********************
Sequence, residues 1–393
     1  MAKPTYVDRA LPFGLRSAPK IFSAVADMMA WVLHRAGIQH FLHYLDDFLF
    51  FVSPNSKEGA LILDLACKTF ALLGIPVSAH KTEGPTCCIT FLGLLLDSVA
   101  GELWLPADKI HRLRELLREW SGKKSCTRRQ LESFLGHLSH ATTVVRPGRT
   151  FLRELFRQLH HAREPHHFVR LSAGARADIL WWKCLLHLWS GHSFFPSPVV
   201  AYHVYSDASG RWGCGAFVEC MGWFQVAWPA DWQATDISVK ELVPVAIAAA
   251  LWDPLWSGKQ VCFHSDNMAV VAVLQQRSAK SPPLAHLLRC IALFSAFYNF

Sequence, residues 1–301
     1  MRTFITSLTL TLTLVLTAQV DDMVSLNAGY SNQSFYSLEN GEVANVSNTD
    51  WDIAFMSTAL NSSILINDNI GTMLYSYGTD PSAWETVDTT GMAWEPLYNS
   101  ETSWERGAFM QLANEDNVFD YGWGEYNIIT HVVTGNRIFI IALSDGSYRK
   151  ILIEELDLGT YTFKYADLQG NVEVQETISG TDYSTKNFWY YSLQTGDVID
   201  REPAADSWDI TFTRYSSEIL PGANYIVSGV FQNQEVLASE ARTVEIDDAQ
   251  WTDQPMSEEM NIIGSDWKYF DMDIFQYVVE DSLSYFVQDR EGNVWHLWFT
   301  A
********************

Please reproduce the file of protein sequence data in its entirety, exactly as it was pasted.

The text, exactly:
Sequence, residues 1–393
     1  MAKPTYVDRA LPFGLRSAPK IFSAVADMMA WVLHRAGIQH FLHYLDDFLF
    51  FVSPNSKEGA LILDLACKTF ALLGIPVSAH KTEGPTCCIT FLGLLLDSVA
   101  GELWLPADKI HRLRELLREW SGKKSCTRRQ LESFLGHLSH ATTVVRPGRT
   151  FLRELFRQLH HAREPHHFVR LSAGARADIL WWKCLLHLWS GHSFFPSPVV
   201  AYHVYSDASG RWGCGAFVEC MGWFQVAWPA DWQATDISVK ELVPVAIAAA
   251  LWDPLWSGKQ VCFHSDNMAV VAVLQQRSAK SPPLAHLLRC IALFSAFYNF

Sequence, residues 1–301
     1  MRTFITSLTL TLTLVLTAQV DDMVSLNAGY SNQSFYSLEN GEVANVSNTD
    51  WDIAFMSTAL NSSILINDNI GTMLYSYGTD PSAWETVDTT GMAWEPLYNS
   101  ETSWERGAFM QLANEDNVFD YGWGEYNIIT HVVTGNRIFI IALSDGSYRK
   151  ILIEELDLGT YTFKYADLQG NVEVQETISG TDYSTKNFWY YSLQTGDVID
   201  REPAADSWDI TFTRYSSEIL PGANYIVSGV FQNQEVLASE ARTVEIDDAQ
   251  WTDQPMSEEM NIIGSDWKYF DMDIFQYVVE DSLSYFVQDR EGNVWHLWFT
   301  A